31 months later: The Economist’s Debate on Privacy (DRAFT! Feedback welcome!)

DRAFT! Feedback welcome!
Revised version to be posted on Tales from the Net.

Economist Debates: Online Privacy.A debate between Marc Rotenberg of EPIC and Jim Harper of Cato, moderated by Martin Giles.  Because, y'know, who cares what women think?

In early returns 70% of the audience sides with Marc that governments should do far more to protect privacy but it’s far from over. The debate continues until September 2 with expert insight from Joseph Turow of the Annenberg School and Jules Polonetsky of The Future of Privacy Forum, rebuttals, and final statements.  Good stuff!

Gender, age, race, and power in online discusions, chapter n, from January 2008, calls out The Economist for a similar pattern in their first online debate.* This was one of the first stories we covered here on Tales from the Net, with a summary and links post and a passionate argument for the educational possibilities of social networking in Why I’m voting “pro”. Despite the bias to straight white guys, it was a great experience and vibrant debate: the “pro” side wroting their opening argument in Twitter (how cool is that?) and different perspectives in the blogosphere complemented the ones on The Economist‘s site.

And in his closing statement, the moderator said:

I also admired the interventions from JON PINCUS, who pointed out that supporters of the motion underestimated “the risks that the new technologies will in practice reinforce (rather than counter) existing negative biases and trends in the system”.

So 31 months later, let’s try this again, shall we?

<potentially quote from my Facebook profile — asking permission>

And it’s not just women who are currently being ignored. There aren’t any students, or seniors, or anybody who lives outside of the DC and Philadelphia area and it seems like a pretty white bunch to me.  Don’t get me wrong, they’re all extremely qualified to talk about this issue. Deborah and I have worked with Marc, Jim, and Jules on activism campaigns and organizing the Computers, Freedom, and Privacy conference, and have a lot of respect for all of them. Even when we disagree, they articulate their positions very well. But there are a lot of ways in which they are very similar, and so there are a lot of perspectives that are not being represented.

Still, it’s not too late.  New technologies can counter existing biases as well as reinforce them.  For example The Economist could easily invite some additional guests, or prominently feature supporting statements ‘pro’ and ‘con’ on their sites. Just off the top of my head I have to believe that people like Canadian Privacy Commissioners Jennifer Stoddart and Ann Cavoukian, German Consumer Protection Minister Ilse Aigner, Fran Maier of TRUSTe, James Rucker of Color of Change, David Drummond of Google, any of the DREAM Activists, and of course danah boyd (who coincidentally enough just blogged about Regulating the Use of Social Media Data) could add a lot to the discussion, and I’m sure there are plenty of others as well. Or maybe they’ll have a followon “no older white guys allowed” debate and see if it comes out differently.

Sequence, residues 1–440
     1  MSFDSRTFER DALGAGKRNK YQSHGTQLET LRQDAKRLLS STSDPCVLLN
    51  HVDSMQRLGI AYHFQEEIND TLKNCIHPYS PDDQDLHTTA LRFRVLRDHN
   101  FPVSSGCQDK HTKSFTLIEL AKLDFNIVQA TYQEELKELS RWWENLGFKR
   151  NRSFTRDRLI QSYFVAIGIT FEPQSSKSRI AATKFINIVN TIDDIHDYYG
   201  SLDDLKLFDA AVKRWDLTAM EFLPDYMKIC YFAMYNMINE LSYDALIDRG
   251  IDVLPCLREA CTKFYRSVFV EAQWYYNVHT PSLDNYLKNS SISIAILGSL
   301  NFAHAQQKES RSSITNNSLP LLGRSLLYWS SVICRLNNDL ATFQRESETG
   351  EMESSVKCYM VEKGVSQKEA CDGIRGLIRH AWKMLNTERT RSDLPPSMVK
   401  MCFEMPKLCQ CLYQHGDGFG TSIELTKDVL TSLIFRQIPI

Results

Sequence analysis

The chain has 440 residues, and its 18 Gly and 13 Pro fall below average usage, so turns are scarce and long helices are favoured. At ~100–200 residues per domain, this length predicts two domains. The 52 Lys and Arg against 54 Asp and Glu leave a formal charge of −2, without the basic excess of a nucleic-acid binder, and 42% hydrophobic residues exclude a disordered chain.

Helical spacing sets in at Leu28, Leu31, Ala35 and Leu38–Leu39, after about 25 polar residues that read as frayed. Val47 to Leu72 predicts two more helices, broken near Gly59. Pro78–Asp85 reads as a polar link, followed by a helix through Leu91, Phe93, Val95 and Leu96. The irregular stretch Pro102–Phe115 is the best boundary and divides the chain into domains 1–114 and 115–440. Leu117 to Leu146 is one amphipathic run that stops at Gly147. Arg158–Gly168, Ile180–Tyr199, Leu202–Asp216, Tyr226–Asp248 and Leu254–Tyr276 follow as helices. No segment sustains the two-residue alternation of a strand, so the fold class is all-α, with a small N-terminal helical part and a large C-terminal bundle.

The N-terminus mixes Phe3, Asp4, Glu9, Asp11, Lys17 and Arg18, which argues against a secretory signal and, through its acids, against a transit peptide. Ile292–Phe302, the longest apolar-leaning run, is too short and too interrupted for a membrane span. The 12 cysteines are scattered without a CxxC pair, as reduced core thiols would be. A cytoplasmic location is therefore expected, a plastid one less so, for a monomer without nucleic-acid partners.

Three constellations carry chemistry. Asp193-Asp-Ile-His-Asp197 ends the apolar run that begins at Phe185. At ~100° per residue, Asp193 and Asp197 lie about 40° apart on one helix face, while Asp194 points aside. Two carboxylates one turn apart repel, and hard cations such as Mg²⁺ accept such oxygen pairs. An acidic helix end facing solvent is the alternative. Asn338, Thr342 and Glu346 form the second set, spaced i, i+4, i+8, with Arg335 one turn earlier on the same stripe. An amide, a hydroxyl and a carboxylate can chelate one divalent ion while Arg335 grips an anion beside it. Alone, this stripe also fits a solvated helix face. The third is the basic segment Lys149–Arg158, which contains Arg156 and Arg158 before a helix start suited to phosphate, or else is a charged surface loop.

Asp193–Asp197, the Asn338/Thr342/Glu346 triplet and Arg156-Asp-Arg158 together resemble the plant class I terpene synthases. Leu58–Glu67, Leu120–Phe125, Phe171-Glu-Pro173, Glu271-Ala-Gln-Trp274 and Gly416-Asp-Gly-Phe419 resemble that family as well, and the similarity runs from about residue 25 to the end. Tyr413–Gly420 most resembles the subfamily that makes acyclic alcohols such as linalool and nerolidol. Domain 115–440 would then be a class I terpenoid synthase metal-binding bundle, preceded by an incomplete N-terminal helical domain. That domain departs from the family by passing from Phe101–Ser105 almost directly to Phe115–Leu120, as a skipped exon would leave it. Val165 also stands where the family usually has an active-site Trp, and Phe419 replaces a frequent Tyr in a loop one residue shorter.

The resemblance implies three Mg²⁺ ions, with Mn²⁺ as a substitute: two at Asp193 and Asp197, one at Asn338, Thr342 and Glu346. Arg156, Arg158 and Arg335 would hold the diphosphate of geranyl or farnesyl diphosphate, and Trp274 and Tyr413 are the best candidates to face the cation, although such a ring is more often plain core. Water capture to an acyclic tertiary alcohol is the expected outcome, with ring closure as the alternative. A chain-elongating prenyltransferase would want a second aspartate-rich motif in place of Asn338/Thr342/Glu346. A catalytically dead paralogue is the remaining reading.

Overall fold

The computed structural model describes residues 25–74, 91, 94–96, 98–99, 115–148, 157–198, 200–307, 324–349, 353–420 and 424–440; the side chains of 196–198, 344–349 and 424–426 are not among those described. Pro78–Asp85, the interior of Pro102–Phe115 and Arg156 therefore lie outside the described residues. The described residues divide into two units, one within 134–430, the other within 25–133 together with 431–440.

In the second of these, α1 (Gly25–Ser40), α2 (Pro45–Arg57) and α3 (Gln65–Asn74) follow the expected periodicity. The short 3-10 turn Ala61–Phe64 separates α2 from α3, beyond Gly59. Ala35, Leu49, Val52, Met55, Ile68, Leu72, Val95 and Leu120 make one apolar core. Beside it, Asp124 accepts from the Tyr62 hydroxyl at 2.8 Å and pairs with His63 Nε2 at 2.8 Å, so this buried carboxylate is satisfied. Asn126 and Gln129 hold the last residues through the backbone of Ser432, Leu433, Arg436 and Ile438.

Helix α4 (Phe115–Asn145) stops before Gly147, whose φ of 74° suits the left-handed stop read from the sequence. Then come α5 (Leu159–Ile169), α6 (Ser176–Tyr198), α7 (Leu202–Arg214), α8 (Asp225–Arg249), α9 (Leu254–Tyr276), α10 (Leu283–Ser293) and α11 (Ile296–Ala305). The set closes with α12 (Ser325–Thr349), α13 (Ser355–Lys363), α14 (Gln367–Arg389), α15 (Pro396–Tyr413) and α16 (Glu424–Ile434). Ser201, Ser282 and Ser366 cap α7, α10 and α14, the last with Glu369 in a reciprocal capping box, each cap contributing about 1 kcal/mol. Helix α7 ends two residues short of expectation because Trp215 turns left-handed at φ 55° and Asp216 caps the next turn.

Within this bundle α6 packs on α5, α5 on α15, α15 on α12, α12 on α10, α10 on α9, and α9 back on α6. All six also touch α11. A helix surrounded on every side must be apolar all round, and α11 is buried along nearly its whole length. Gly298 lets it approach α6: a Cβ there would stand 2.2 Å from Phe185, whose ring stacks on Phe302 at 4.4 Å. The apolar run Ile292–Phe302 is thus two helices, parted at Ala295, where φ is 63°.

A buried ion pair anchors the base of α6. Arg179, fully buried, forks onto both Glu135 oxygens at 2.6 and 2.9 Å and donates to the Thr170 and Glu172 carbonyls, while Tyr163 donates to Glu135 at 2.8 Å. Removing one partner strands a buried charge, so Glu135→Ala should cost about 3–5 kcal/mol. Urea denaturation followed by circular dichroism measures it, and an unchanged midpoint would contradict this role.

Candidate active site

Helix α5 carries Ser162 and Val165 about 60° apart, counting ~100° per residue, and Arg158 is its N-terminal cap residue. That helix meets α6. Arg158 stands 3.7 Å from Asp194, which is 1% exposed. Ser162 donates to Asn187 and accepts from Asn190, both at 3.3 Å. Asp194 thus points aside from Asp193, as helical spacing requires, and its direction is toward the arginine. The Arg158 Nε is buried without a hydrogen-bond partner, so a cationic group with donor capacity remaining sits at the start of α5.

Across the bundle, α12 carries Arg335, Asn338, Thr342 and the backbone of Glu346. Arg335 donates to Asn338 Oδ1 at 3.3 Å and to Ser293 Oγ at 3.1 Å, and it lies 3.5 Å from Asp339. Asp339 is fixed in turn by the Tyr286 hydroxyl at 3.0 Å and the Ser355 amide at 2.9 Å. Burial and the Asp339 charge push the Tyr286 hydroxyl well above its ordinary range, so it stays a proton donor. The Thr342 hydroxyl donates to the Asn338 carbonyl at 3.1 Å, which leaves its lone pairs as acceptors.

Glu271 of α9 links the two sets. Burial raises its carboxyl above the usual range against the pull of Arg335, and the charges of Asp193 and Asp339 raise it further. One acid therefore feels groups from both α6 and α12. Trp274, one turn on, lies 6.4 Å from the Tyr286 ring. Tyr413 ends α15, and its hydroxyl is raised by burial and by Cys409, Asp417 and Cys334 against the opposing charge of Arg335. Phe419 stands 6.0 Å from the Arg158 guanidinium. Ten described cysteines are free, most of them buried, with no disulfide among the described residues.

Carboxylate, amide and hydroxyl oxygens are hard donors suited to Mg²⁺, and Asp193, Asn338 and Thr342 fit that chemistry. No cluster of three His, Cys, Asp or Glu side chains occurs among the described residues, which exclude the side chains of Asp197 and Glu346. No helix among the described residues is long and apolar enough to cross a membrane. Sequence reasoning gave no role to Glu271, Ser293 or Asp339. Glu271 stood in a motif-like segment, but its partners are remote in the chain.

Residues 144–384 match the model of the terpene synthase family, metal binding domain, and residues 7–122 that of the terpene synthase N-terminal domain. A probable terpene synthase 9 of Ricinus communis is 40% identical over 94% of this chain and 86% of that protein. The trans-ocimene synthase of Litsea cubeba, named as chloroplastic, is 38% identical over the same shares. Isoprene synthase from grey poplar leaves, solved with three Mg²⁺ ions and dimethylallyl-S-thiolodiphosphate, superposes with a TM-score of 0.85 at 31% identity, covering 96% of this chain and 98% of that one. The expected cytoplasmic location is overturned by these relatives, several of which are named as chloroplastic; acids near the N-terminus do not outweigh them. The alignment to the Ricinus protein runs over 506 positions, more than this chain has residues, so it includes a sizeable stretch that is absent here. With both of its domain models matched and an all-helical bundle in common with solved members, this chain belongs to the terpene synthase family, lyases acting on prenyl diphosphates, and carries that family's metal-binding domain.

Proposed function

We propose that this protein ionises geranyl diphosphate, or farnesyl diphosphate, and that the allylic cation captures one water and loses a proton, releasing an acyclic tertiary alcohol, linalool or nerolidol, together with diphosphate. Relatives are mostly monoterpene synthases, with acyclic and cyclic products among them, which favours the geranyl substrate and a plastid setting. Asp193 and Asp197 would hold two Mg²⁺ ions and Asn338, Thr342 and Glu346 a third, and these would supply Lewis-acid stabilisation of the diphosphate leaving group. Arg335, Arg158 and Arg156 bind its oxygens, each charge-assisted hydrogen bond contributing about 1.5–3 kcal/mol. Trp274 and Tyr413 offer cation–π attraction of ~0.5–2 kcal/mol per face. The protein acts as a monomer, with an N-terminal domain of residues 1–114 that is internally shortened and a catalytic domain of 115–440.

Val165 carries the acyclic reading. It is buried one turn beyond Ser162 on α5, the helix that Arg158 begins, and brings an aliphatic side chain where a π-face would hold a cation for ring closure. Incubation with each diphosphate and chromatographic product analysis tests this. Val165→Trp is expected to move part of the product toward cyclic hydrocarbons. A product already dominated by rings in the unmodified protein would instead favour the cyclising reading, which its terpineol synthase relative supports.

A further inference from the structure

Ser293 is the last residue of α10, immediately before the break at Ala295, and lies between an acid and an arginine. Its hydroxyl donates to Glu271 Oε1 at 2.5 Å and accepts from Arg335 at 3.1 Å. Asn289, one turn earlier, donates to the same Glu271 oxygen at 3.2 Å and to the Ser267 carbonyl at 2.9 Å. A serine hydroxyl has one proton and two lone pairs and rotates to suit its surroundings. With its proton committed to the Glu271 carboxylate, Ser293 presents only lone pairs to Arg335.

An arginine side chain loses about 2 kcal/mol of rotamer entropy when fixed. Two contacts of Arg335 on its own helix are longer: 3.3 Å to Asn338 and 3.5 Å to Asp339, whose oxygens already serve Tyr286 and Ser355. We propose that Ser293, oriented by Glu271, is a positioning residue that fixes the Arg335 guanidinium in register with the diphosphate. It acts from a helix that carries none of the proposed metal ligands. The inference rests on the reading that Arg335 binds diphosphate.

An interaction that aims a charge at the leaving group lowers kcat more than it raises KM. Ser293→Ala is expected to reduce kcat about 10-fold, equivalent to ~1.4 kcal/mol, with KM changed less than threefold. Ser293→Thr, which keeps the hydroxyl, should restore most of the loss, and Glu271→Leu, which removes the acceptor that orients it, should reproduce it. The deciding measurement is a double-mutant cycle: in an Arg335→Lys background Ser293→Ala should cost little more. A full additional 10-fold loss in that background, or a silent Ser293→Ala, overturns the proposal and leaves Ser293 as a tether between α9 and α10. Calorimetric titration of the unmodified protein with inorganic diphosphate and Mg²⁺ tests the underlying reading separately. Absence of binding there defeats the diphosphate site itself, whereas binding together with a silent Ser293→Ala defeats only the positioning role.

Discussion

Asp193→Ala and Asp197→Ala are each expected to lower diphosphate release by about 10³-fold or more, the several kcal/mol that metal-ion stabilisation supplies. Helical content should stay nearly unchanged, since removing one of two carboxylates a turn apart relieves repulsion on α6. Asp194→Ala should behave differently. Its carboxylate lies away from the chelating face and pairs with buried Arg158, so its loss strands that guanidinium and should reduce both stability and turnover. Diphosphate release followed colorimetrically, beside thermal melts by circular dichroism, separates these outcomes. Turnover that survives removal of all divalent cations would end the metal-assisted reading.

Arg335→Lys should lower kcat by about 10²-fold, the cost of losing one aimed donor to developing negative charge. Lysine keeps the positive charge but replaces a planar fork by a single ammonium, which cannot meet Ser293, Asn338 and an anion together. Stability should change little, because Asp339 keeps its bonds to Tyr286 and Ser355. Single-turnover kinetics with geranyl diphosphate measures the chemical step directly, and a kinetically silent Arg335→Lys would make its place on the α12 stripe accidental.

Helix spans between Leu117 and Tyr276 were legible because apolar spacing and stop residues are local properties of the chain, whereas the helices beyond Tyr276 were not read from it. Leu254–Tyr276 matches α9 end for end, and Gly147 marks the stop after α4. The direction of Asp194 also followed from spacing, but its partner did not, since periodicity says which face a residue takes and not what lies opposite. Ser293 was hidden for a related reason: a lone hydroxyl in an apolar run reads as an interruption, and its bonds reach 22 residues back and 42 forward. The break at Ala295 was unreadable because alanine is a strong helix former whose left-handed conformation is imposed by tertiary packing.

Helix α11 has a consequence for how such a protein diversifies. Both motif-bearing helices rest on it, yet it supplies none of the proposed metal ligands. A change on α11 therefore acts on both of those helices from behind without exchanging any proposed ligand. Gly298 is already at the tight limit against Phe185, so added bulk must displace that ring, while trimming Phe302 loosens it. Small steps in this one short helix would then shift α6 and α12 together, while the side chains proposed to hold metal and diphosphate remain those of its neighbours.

Wouldn’t want to rely on it, though. And in any case, The Economist‘s site is still as difficult to use for a conversation as it was 31 months ago. So let’s use some other new technologies to have parallel discussions in a more friendly and diverse environment … like Twitter and Facebook!

Here’s how you can join in:

  • on Facebook, you can either answer the Question, or join in on the discussion thread on the Economist’s page.  TODO: ask question, post on Economist’s page
  • on Twitter, tweet your comments to what hashtag?

If you’re not on either of those sites, or you’ve got more to say than will fit in 140 characters, drop it in the comments here — or blog about it yourself, leave the link here, and somebody will tweet it.

All of the participants are on Twitter so with any luck they’ll join us as well.  Whether or not you’ve got Facebook or Twitter accounts, you can follow the discussions here and here.

TODO: include screen capture of dotRights tweet here and maybe one or two others

And while you’re at it, get involved in the discussion on The Economist‘s site too.  And stay tuned for the rebuttals, closing arguments and final voting.


* Alas the site’s no longer available, but our summary and link post here has excerpts from Ewan McIntosh (pro), Michael Bugeja (con), Parry Aftab (guest), and danah boyd (whose posts shaped the debate even though she wasn’t an official participant), as well as links to posts including Vicki Davis on Cool Cat Teacher (which includes a lot of detail on the ways she uses Ning), Ira Socol on SpeEdChange, danah’s classic Let’s define our terms, and many others. Michael, Vicki, and Ira Why I’m voting “pro”